Apr
28
2008

Suffering: who to blame?

Recently scholars NT Wright and Bart Ehrman debated one of the great theological questions of all-time – the existence of suffering balanced with the existence of God. Many have left the Christian faith, including Ehrman, because they could not reconcile the suffering in this world with a God who loved us.

David Kuo, who I don’t always agree with, but find intriguing, offers an interesting take on the idea of suffering and who actually is to blame.

Kuo writes:

I used to think the suffering question was a serious head scratcher, a truly troubling thing – the best evidence against God. No more. I think it is largely an excuse to make ourselves comfortable in our complacency by blaming God for the suffering we aren’t spending our lives addressing.

He argues that in every decision that was made to exploit Africa and her people, God was whispering to those decision makers to do the right thing. They (we) have caused the suffering of the African people with the choices made through out history.

As with the Holocaust and 9/11, why blame God with Nazis and terrorists are right in front of our noses?

HT: Evangelical Outpost

6 Comments+ Add Comment

  • That's right, it's always all-our-fault! Over a hundred thousand killed by the Asian tsunami – it's all-our-fault. Millions die in the Black Death and other plagues and earthquakes – all-our-fault. Millions die in the Holocaust – all-our-fault (and God doesn't lift a finger to save His "chosen people"). Children tortured, raped and murdered – all-our-fault. Where was God? Well, since it's all-our-fault, He's off the hook. Or maybe He's just an underachiever! Though He's the Creator, and all-knowing and all-powerful and supremely good, he has no responsibility at all – the one quality He lacks.
    Or maybe the xian concept of God just doesn't make sense.

  • Actually Louis, you bring up the good point that there is more than one kind of suffering – I mean, there are the things that humans are directly responsible for, indirectly, and not at all. So for instance, directly might include:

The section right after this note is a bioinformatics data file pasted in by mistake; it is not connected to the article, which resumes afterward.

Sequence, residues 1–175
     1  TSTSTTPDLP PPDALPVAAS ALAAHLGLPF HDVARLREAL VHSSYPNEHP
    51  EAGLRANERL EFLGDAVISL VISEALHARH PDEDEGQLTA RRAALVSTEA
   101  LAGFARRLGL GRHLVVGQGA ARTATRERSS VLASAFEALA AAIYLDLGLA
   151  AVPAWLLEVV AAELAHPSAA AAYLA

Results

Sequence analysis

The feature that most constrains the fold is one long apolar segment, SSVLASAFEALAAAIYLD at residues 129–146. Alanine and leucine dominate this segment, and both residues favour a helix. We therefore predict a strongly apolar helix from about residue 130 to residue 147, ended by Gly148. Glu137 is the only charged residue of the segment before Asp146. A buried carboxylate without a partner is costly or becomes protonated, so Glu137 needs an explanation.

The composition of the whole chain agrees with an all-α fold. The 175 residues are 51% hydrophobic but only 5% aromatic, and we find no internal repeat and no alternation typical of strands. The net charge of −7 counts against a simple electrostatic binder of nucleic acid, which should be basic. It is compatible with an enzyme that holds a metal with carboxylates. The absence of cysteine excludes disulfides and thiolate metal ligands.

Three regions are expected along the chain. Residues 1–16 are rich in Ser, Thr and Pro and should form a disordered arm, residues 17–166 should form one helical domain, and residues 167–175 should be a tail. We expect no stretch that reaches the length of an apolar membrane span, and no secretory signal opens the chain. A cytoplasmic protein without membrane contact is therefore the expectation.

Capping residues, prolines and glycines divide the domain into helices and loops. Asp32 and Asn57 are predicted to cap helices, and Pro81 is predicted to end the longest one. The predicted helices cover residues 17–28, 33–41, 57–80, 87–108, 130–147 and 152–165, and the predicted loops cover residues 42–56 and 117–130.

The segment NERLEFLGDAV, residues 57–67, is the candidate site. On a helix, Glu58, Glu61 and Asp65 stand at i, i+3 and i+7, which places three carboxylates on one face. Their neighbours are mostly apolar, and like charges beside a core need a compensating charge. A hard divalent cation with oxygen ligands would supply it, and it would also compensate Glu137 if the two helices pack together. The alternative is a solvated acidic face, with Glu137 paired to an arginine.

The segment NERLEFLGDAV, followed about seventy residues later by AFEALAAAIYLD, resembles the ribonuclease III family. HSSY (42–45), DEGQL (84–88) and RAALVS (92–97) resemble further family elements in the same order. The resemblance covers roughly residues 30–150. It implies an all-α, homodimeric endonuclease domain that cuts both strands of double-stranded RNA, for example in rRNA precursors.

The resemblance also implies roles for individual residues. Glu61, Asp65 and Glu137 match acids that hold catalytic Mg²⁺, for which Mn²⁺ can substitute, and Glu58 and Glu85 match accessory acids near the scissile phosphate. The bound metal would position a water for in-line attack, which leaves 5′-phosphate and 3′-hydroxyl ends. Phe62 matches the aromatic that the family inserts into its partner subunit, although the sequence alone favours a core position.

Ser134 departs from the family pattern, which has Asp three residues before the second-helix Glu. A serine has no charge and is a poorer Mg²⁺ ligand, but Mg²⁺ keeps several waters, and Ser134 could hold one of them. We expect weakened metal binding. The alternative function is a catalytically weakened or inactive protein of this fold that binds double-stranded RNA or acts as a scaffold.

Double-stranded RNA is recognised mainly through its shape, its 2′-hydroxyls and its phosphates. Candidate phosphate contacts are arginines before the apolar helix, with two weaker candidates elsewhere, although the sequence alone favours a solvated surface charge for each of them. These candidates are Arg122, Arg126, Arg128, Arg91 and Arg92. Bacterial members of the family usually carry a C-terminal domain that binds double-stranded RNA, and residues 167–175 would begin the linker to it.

- obesity, murders, wars, etc.
    Indirectly might include:
    - many diseases (like STD's)
    - starvation (bad politics or poor environmental management)
    But natural disasters, as well as some diseases, may NOT be traceable to mankind. What do we make of such things?
    I think these distinctions were made clear in:
    Eight Types of Suffering
    Bart's Problem: why do we suffer?
    I agree that, to a large extent, we can't just push the whole problem of suffering under the rug by blaming mankind for it all, but let's put blame where it goes. MUCH suffering today is caused by mankind.
    However, SOME appears to be allowed by God, who then seems uncaring or impotent. And those defending God can't just wash over that by blaming mankind. But as I said in the Bart's problem post above:

    We can, like Bart, see meaningless suffering as evidence that God is not real, or not good or omnipotent, OR we can decide to trust that God is still real, loving, and true, and live with the ambiguity and mystery, and with humility before God's awesomeness, admit, like Job, that we can not understand all things.

    I think it should always be a last resort to say "just accept it, it is beyond human understanding," but after exploring all possible solutions (in this case, like man's responsibility, free will, etc.), if we are still not satisfied with the answers, we have one of two choices to make.
    We either conclude that the proposed system of thought on the matter is illogical or incorrect, or we may choose to suspend judgement and wait for a better answer, or for the proposed answer to make sense.
    If the proposed answer has things going for it (things you believe ARE true), but is still unsatisfactory, it may be prudent to suspend judgment rather than rejecting it. We must admit that in at least SOME matters (but let's limit it to a few), we can not understand all things, esp. when it comes to metaphysical matters.
    We should, I think, avoid the twin extremes of saying "we can know nothing" or "we can know everything." I think we should try to understand as much as possible, reject obviosly flawed ideas, and suspend judgment on others, esp. those which can not be clearly eliminated by exerience, observation, or reason.
    With that in mind, you, like the intelligent and well-mannered Ehrman, might decide that xianity does NOT match up with experience or logic. However, I think that there are good reasons to suspend such a judgment.

  • Maybe its all the scientists fault for not finding out how to control the weather yet.

  • I see, tsunamis and earthquakes are "weather."

  • Maybe we should sacrifice Al Gore to the God of hot air.

  • Well, tsunamis are weather, anyhow. :-p

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